Decorations of the PorziuncolaEdit
This tiny church is exquisitely decorated by artists from different periods. On the façade, above the entrance outside, is a fresco by Johann Friedrich Overbeck (1829), depicting St Francis receiving from the Christ and the Virgin the indulgence, known as the “Pardon of Assisi”. The German painter Overbeck was a member of the Nazarene movement, a group of painters who aimed to revive honesty and spirituality in Christian art. At the base of this fresco is a small rectangular fresco beneath which are the Latin words Haec est porta vitae aeternae ("This is the gate to eternal life")
The outside wall to the right of the entrance shows fragments of two frescoes by unknown Umbrian artists. In the 19th century a door was opened in the same wall, to control the flow of pilgrims. The left outside wall includes the tombstone of Pietro Cattani, who died on 10 March 1221. (St. Francis was still alive at the time of his death). At the back, above the entrance, is the fresco Crucifixion by Perugino, painted around 1485. It was badly damaged during the construction of the basilica. The 15th century door is decorated with floral motifs. On top of the Porziuncola stands a small Gothic belfry.
The interior is austere and simple. Some of the rough, squared stones, taken from Mount Subasio, were put in place by the saint himself while repairing this little church. It is decorated in a simple Gothic style with frescoes from the 14th and the 15th century. But the masterpiece is the six-part fresco in the apse of this little church, painted by the priest Ilario da Viterbo (1393):
- The Annunciation (middle)
- St Francis Throws Himself into the Thorny Brambles (right)
- St Francis Accompanied by Two Angels (right)
- Apparition of Christ and the Virgin, Accompanied by 60 Angels, with St. Francis Offering Roses (top)
- St. Francis imploring pope Honorius III the Confirmation of the Indulgence (left)
- St. Francis Promulgates the Indulgence, Accompanied by the Bishops of Umbria (left)
The pavement on the floor is now restored to its original appearance by the restorations following the earthquake of 1997.
Basilica of Santa Maria degli AngeliEdit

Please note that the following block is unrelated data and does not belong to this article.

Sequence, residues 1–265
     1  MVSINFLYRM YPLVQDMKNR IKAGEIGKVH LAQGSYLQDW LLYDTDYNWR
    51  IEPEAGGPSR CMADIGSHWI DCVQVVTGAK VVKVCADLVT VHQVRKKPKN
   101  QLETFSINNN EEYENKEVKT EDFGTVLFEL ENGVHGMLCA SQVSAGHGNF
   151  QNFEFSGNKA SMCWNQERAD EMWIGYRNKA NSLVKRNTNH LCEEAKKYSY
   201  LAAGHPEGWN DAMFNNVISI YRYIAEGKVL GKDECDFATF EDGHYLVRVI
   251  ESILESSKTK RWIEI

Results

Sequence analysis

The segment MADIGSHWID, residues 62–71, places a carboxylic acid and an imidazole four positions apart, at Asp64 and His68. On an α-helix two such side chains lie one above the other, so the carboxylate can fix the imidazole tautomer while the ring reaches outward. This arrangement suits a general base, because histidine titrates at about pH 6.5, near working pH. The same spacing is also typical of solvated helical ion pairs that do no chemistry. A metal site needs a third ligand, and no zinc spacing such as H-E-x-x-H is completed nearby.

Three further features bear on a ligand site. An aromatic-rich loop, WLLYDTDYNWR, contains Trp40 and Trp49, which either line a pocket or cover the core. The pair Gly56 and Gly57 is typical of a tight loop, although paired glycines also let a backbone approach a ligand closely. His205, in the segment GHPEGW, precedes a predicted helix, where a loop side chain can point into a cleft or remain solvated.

The buildings which had been gradually added to the shrine were taken down by order of Pope Pius V (1566–1572), except the cell in which St. Francis had died, and were replaced by a large basilica in contemporary style. The new edifice was erected over the cell just mentioned and over the Portiuncula chapel, which is situated immediately under the cupola. The basilica, which has three naves and a circle of chapels extending along the entire length of the aisles, was completed (1569–78) according to the plans of Giacomo Barozzi da Vignola, assisted by Galeazzo Alessi.
In the night of 15 March 1832, the arch of the three naves and of the choir fell in, in consequence of an earthquake, the cupola sporting a big crack. Gregory XVI had all restored in 1836-1840), and on 8 September 1840, the basilica was reconsecrated by Cardinal Lambruschini. By Brief of 11 April 1909, Pope Pius X raised it to a "patriarchal basilica and papal chapel". The high altar was therefore immediately rebuilt at the expense of the Franciscan province of the Holy Cross (also known as the Saxon province), and a papal throne added. Under the bay of the choir, resting against the columns of the cupola, is still preserved the cell in which St. Francis died, while, a little behind the sacristy, is the spot where the saint, during a temptation, is said to have rolled in a briar-bush, which was then changed into thornless roses. During this same night the saint received the Porziuncola Indulgence.
Feast Day and Porziuncola IndulgenceEdit
Franciscans continue to celebrate the feast of Our Lady of the Angels of the Porzioncula on August 2.
The Porziuncola Indulgence could at first be gained only in the Porziuncola chapel between the afternoon of 1 August and sunset on 2 August. On 5 August 1480 (or 1481), Pope Sixtus IV extended it to all churches of the first and second orders of St. Francis for Franciscans. On 4 July 1622, Gregory XV extended the privilege to all the faithful, who, after confession and the reception of Holy Communion, visited such churches on the appointed day. On 12 October 1622, Gregory XV granted the same privilege to all the churches of the Capuchins. Pope Urban VIII granted it for all churches of the regular Third Order on 13 January 1643, and Clement X for all churches of the Conventuals on 3 October 1670.